by LJ Frank
“Human beings are like rivers; the water is one and the same in all of them but every river is narrow in some places, flows swifter in others; here it is broad, there still, or clear, or cold, or muddy or warm. It is the same with men. Every man bears within him the germs of every human quality, and now manifests one, now another, and frequently is quite unlike himself, while still remaining the same man.” ― Resurrection, Leo (Lev Nikolayevich) Tolstoy (1899)
He was a friend who disappeared one day in Indonesia. He once said of his mind that it migrated over the years from seemingly innocent possibilities to the ambiguous and to fantasy. Like me he traveled farther in his mind than the physical miles he voyaged around the globe. I understood. I have been to remote places in East and Central Asia, to the Middle East, North Africa, Europe, United Kingdom, and the Americas. Still, I have traveled farther in my mind.
Once you leave home to distant places, you can never really return to that home, except in your mind.
He and I both loved to venture and discover. My ultimate dream was to have a sailboat anchored several meters from my beach house where I would write and paint, toasting a glass of wine with an enchanting mariposa. I am not cheap, but I am easy. I have my own contemporary atypical version of Gilligan from that old television show (Gilligan’s Island) in the 1960s”. That is, the story and characters are stereotypical and obvious which tends to be comforting. We know what to expect. Not so of reality.
The last location I heard from my friend was East Java. He vanished after that someplace. Perhaps Tasmania or New Zealand for all I know. He was labeled as an expatriate. So was I. And I find little gratification in labels. Labels are the workings of a mind that doesn’t delve into the psyche, nor the situation or context of culture and experience. To label or categorize someone for one or a few experiences and then extrapolate it to an entire life is misleading. It’s the workings of an undiscerning mind. The crowd tends to obscure vision. I am drawn to people who are uncertain of the world around them and experiment. Sometimes the exploration is painful but alive, imaginative, sensual, and thought-provoking.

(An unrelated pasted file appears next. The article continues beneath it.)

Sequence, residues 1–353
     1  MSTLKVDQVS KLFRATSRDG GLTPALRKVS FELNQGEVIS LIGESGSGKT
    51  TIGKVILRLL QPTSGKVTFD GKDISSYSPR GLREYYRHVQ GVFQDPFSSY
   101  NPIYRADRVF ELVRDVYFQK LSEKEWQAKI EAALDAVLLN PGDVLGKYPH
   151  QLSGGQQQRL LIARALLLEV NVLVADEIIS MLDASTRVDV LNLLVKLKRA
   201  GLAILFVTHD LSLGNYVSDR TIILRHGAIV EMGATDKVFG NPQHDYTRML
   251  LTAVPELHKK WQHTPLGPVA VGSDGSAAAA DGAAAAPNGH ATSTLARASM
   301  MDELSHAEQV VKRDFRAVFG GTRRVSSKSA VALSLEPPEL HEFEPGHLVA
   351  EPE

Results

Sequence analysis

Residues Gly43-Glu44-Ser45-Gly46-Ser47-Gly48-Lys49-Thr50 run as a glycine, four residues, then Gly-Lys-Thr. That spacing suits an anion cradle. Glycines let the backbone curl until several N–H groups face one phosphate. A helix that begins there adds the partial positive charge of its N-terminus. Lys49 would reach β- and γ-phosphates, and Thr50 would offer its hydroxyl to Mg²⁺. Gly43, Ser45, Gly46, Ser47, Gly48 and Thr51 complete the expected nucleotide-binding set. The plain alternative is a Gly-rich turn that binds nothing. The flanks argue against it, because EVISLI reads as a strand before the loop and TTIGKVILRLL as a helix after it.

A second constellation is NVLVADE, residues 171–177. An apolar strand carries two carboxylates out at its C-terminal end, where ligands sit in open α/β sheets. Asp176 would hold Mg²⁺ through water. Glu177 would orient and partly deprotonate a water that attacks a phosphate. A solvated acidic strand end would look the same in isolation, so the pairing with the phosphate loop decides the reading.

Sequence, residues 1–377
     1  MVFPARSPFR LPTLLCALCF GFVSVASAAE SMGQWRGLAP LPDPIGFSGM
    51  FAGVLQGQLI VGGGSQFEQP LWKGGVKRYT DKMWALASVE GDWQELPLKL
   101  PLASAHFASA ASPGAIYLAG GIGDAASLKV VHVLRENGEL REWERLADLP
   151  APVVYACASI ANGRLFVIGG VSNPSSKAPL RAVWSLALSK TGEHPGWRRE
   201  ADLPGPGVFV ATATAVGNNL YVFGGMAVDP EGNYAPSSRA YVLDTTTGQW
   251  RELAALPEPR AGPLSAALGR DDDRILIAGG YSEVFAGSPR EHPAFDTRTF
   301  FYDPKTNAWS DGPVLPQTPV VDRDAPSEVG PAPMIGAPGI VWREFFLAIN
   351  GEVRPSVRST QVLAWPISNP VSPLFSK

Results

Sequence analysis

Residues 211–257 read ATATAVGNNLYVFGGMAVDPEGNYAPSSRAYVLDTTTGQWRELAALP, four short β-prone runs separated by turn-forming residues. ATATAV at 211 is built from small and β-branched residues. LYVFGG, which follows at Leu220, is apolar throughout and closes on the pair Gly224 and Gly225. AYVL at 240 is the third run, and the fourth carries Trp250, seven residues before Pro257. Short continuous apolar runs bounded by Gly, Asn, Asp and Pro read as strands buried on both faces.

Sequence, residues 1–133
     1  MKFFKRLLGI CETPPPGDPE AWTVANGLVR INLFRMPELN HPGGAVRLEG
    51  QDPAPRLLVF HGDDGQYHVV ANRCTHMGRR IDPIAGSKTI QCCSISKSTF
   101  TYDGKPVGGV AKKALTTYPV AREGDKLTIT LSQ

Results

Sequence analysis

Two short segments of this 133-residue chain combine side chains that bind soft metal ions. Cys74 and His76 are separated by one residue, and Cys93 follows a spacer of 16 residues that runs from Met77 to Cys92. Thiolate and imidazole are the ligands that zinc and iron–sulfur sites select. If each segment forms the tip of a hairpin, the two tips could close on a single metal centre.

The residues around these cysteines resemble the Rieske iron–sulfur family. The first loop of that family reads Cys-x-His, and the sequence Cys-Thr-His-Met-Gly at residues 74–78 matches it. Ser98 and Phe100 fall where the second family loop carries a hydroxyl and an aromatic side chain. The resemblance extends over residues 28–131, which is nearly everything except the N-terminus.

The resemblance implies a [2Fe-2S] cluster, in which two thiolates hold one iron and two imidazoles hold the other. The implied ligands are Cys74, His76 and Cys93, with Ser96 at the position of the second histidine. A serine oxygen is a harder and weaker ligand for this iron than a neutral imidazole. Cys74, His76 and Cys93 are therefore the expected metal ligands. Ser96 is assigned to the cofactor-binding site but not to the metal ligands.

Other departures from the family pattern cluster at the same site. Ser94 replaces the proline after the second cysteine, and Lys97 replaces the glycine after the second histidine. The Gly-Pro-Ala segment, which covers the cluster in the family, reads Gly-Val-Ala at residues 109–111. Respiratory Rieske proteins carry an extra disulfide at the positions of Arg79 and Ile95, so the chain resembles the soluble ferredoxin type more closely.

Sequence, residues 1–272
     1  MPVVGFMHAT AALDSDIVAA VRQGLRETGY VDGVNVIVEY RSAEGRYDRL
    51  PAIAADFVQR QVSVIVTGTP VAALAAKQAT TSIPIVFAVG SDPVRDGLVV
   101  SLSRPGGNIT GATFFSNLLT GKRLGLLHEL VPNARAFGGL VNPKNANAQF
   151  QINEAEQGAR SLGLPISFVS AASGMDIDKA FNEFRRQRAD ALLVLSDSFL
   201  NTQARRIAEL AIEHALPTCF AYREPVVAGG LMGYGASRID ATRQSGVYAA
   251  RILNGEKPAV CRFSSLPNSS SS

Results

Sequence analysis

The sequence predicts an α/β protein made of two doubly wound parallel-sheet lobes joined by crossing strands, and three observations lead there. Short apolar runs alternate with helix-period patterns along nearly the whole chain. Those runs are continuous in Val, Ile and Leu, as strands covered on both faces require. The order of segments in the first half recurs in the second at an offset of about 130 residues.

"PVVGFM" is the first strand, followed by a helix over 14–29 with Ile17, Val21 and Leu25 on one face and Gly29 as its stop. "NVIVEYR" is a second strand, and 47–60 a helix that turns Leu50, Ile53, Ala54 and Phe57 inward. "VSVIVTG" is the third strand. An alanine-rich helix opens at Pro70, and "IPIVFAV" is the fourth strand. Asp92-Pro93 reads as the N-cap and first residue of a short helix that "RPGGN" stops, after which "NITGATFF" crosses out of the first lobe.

The human mind is profoundly complex. Our experiences, biology, language, culture, and knowledge are among our filters. Those filters can get clogged when filled with disinformation, misinformation, and ignorance. Illiteracy sets in…and to me illiteracy is a form of knowledge suicide. Our actions and beliefs are affected.
Humans are cell based and we are filled with microbes. What is the nature of the cells that effectuate an action? When was the first development of an ethical decision among the nomadic tribes? Does our microbial makeup a factor in our choice, senses, and sensuality? The evidence? My body contains uncountable microbes…as is with all humans. Our microbes affect our outlook and attitude and attraction to each other. Do our microbes help determine our will beyond our culture or are they both interrelated?
When I sense that I don’t fit into a place or with a people should I consider the relevancy of the microbes in my body?
All humans are passersby on planet Earth. We are all different at different times in our life…nothing is static. We evolve and change. Experiencing other people may help to shred labels that follow people around like a tag on a coat. Are you silk, wool, or nylon, and who was your manufacturer?
How much of our internal microbes teach us that adaptation is essential for survival, growth, cooperation, and love? How do our microbes affect our actions in deciding whether to stay or leave? Is there a focal point in the brain filled with microbes that aid in determining the nature of will? Are our actions and words a matter of karma or fate embedded in our biology?
I experiment, explore, and adapt. There are days I feel like an expatriate no matter where I am at. So, I return to the idea of a sailboat and beach house and my non-stereo-typical version of a 21st Century Gilligan.